Do you ever give blood? According to the Red Cross, every two seconds there’s an American in need of it, requiring roughly 41,000 donations per day. In the U.S., more than 100 million people are eligible to donate, although only about 9 million do so every year (1). Blood donations help people cope with diseases like sickle cell (affecting more than 90,000 people in the U.S.), and cancer (affecting 14 million (2)), which require frequent blood transfusions. Hospitals also need a continuous supply of fresh blood for surgical patients, laboring mothers, and trauma cases (1,3).

While a necessary and benevolent act, exercisers and competitive athletes should be aware that donating blood is not without physical consequences, including a temporary reduction in endurance performance (4,5,6,7) and in some cases, iron-deficiency (8).

Blood Donation Types and Functions

When giving blood, most donors opt for the more common donation type called “whole blood” donation or some choose a partial donation in which only specific aspects are extracted: plasma, red blood cells (RBCs), or platelets (9-11). During a whole blood donation, blood is taken from the arm and then separated later into its usable parts, which can benefit up to three people (9).

A partial donation is performed nearly the same way except that the donated parts, platelets for example, are machine-separated from the blood, then the remaining parts are returned back to the donors arm (9).

Regardless of donation type, every part of your blood can be (and is, according to the Red Cross) used to help someone in need (9). Here’s how each part of the blood plays a role in your body, and in saving someone’s life.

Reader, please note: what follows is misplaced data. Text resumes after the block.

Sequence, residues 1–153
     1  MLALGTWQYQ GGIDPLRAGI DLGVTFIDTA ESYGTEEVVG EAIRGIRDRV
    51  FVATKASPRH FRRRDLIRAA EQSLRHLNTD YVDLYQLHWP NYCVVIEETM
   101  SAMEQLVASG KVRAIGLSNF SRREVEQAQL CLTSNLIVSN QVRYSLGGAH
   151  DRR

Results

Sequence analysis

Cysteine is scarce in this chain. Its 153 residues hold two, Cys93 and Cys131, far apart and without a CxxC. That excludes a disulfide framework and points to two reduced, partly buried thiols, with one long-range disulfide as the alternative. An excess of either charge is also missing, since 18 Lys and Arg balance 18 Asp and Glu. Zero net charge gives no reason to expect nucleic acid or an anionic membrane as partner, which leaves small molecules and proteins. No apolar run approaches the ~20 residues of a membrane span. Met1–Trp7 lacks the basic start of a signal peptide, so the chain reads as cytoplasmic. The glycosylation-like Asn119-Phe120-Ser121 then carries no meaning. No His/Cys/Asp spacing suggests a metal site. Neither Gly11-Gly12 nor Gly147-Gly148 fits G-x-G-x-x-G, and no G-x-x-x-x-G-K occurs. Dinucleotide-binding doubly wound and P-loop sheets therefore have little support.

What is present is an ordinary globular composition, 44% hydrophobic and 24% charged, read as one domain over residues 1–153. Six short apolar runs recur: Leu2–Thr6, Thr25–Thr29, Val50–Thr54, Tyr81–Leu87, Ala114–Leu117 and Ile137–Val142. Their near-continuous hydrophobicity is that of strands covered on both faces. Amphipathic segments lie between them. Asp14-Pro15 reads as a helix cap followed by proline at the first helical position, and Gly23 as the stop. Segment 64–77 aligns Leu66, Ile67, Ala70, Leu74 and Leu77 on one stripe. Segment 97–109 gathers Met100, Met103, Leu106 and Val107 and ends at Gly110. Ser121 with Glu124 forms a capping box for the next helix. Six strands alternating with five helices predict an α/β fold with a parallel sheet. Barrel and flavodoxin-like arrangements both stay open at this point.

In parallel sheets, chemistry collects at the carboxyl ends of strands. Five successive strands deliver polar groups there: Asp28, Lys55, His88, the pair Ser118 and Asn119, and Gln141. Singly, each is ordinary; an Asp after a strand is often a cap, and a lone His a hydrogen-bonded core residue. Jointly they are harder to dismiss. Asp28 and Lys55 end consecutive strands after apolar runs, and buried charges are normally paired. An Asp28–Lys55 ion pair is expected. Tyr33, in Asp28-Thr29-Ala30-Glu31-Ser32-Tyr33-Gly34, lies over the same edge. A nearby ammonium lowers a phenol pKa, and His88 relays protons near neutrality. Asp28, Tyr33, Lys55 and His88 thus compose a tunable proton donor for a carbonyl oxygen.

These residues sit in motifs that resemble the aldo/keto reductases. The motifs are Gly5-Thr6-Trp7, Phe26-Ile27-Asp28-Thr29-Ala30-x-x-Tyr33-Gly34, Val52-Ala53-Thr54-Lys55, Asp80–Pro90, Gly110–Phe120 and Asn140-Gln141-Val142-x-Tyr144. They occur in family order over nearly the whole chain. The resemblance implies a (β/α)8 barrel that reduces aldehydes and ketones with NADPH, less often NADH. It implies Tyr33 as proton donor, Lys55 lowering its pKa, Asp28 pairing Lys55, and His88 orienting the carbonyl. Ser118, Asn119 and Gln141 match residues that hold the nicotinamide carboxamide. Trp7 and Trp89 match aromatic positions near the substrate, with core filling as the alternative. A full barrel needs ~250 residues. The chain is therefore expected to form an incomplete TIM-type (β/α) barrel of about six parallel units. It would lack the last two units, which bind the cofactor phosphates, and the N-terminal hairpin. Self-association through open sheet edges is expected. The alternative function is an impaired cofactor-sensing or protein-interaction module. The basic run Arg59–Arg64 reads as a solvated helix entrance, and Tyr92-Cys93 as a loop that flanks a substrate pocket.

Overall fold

Red Blood Cells

Increase your heart smarts with info on how exercise impacts your heart, how to measure fitness via heart rate, and top cardio concerns fitness pros should know.

How it Works

Your heart weighs only about 10 ounces and is roughly the size of an adult fist. This four chamber, centrally located pump pushes five to six quarts of blood, per minute, throughout your body.

• Each heartbeat is initiated by a specialized area called the sinoatrial node (SA node) in the heart’s upper right chamber. The SA node is often called the pacemaker (or primary pacemaker) of the heart, triggering electrical impulses that squeeze this part of the heart slightly earlier than the rest of the heart, forcing blood into the lower chambers for each beat.

• When you exercise, your muscles require more oxygen and nutrients, at a quicker rate, to fuel contractions. Your heart will beat faster to deliver more blood to meet this demand. In addition, the arterioles (smaller blood vessels leading from the arteries to the capillaries) serving the exercising muscles dilate to accommodate the increased flow. As these vessels open, other arterioles constrict in less active parts of your body, including your digestive system, skin, and the skeletal muscles you’re not using.

• Exercise makes your heart stronger. A stronger heart pumps blood more easily throughout this entire process, keeping blood pressure healthy or reducing blood pressure that’s too high. It can also improve circulation, lower heart disease risk, improve blood cholesterol levels, and lower resting heart rate.

Training with Heart

Heart rate is a good exercise-intensity gauge. Here are two ways to track heart rate to help improve and monitor fitness.

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